Randi Zuckerberg with Leah Fessler of Quartz.

Despite spending nearly a decade in Silicon Valley working for Facebook, Randi Zuckerberg doesn’t have many simple tips for women looking to succeed in the male-driven tech economy.

“The advice I like to give young women to succeed in tech is to have a man’s name, like Randi,” Zuckerberg said during a talk as part of Quartz’s “How We’ll Win” series on work equality for women. “I can’t tell you how many meetings I’ve gotten over the years because I e-mailed someone and they thought it was a dude. I would show up and they’re like, ‘Where’s Randy?’ and I’m like ‘Sucker!'”

The crowd of budding and aspiring entrepreneurs laughed, as did Zuckerberg, before admitting that tip is “funny and horrible.”

“Unfortunately, a decade later, that’s still my best advice,” she added.

Zuckerberg is now an author and speaker and has founded Zuckerberg Media with the goal of creating content for children, particularly girls, that will spark and develop an interest in STEM fields, something she sees girls being turned away from around eight or nine years old. Her experiences in Silicon Valley — mainly her longtime role heading up marketing at Facebook, the platform her brother founded in 2004, drove her toward this focus on getting more girls on a path to tech careers.

“I loved every second of working at Facebook and in Silicon Valley, but what I didn’t like was being the only woman in every meeting,” Zuckerberg said. It wasn’t until a year after Zuckerberg in 2011 left Facebook (after her idea for Facebook Live became a reality) that Cheryl Sandberg, Facebook’s chief operations officer since 2008, was became the first woman on the company’s eight-member board.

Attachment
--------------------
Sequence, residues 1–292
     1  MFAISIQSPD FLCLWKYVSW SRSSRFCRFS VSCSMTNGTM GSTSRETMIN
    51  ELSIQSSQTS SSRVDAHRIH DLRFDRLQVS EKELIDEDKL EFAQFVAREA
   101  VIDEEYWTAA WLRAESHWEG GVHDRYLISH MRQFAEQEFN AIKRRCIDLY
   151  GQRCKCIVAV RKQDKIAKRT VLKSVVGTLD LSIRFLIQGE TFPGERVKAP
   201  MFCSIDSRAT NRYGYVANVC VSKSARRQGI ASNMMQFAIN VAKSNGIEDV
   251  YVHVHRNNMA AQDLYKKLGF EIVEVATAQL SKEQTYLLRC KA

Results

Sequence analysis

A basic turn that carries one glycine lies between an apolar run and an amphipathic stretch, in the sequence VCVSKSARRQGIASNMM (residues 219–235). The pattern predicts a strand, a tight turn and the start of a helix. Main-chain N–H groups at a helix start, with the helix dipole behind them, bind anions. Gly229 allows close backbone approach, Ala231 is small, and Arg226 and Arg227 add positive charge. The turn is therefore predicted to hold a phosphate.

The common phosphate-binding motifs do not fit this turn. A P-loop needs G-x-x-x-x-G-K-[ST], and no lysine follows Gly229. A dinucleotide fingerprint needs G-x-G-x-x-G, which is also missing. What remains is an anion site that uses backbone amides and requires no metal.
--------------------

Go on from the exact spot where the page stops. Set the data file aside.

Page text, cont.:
And Zuckerberg’s decision to leave Facebook ultimately came down to her wanting to “walk the walk” of the female entrepreneurs she had started to write about and speak to.

“By that point I was traveling a lot and speaking to women, angel investing, saying ‘Start your own companies, ladies!’ and I would just go back to my job, working for someone else,” Zuckerberg said.

As for women and people of color trying to get funding for a business idea that don’t want to change their names, Zuckerberg didn’t offer a lot of advice beyond using one’s differences as an advantage (“you’re more memorable”) and not being afraid to fail (“once you’re in an environment like Silicon Valley where people are not afraid of failure, you realize you have this entire creative spirit inside of you”).

While there’s no denying that she certainly had a serious leg up on other women trying to get their own business off the ground — including some women in the audience, one who said she’s started a nonprofit with her brother trying to bring tech skills to children in Africa through a digital photography education program — there were a lot of fields Zuckerberg, who longed to be a Broadway star before going to Facebook, could have gone into besides the notoriously costly and unpredictable one of media.

“It’s not the easiest industry, but I think it’s the most powerful industry,” Zuckerberg, who’s cartoon DOT is now in 40 countries through a deal with NBC, said. “TV is still the main driver of cultural influence in the country and abroad.”


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